This study tested the benefits of combined aerobic and resistance exercise training (CARET) in HIV-infected individuals receiving antiretroviral therapy. Twenty-three human immunodeficiency virus (HIV)-infected men and women, predominantly of lower socioeconomic status (SES), were randomly assigned and completed 12 weeks of: (a) standard medical treatment plus CARET or (b) standard medical treatment only. At baseline and follow-up, immune functioning, metabolic variables, quality of life (QoL), physical characteristics, and physical fitness were measured. The control group showed a significant decrease in CD4+ T cell count (-16%, p<0.05), whereas the exercise group maintained a more stable count after the intervention (-3%, p=0.39). Furthermore, exercise participants showed significant improvements in waist circumference (-2%, p<0.05), fasting glucose (-16%, p<0.05), physical (+11%, p<0.03) and mental (+10%, p<0.02) QoL, estimated VO2max (+21%, p<0.01), upper body strength (+15%, p<0.05), and lower body strength (+22%, p<0.05). Our 12-week, supervised, moderate-intensity CARET program resulted in more stable CD4 count and significant health improvements in HIV-infected individuals of lower SES.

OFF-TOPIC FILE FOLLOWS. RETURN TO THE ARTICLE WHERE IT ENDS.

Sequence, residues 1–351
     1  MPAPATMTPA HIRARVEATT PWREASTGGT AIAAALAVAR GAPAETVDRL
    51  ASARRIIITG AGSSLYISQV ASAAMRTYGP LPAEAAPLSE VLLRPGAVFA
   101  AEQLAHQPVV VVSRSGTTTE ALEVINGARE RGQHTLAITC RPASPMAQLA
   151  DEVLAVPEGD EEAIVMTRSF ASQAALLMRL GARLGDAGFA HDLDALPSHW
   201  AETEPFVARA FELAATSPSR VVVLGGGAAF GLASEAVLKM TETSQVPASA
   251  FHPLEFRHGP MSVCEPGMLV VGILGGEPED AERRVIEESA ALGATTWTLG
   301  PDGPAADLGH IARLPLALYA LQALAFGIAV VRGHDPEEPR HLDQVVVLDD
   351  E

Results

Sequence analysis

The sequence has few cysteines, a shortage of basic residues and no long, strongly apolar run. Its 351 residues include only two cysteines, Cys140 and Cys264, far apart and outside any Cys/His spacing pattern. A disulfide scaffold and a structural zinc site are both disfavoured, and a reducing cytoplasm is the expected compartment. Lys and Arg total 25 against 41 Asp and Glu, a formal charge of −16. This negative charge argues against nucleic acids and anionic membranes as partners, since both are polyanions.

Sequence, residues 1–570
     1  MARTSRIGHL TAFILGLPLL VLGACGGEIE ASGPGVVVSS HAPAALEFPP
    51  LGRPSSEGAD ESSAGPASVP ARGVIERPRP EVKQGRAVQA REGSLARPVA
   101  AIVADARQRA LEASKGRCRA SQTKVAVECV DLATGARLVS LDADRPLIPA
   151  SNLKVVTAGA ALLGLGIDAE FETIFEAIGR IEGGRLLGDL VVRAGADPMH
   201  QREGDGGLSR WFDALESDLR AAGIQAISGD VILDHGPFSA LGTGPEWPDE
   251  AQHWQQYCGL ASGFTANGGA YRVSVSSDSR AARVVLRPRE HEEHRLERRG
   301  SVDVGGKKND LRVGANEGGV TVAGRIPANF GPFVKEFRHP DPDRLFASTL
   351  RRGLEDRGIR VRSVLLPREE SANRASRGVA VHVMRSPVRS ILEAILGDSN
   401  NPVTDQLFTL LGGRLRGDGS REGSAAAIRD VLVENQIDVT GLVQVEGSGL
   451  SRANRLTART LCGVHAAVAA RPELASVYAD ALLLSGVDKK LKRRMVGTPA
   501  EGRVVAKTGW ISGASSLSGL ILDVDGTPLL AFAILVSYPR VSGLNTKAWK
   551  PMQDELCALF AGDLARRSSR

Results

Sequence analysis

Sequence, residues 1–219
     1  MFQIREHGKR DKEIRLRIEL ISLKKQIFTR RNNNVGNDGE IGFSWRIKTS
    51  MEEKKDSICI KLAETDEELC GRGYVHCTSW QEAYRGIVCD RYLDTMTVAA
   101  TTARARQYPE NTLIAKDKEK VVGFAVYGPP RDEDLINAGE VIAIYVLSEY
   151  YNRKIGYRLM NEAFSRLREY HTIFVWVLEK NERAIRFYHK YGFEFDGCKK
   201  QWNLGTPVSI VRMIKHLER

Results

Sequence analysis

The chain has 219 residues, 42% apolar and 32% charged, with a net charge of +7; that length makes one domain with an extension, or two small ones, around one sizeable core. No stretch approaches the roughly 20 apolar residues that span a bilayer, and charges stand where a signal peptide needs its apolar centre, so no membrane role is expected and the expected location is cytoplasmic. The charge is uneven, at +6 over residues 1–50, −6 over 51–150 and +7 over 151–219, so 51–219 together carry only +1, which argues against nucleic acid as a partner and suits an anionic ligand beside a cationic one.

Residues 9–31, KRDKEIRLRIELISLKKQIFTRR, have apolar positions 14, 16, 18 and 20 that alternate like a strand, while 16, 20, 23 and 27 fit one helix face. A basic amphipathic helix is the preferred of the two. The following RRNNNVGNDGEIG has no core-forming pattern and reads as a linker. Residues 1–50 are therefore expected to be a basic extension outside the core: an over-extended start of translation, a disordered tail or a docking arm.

Key words: Antiretroviral therapy, aerobic and resistance exercise training, immune functioning, quality of life.
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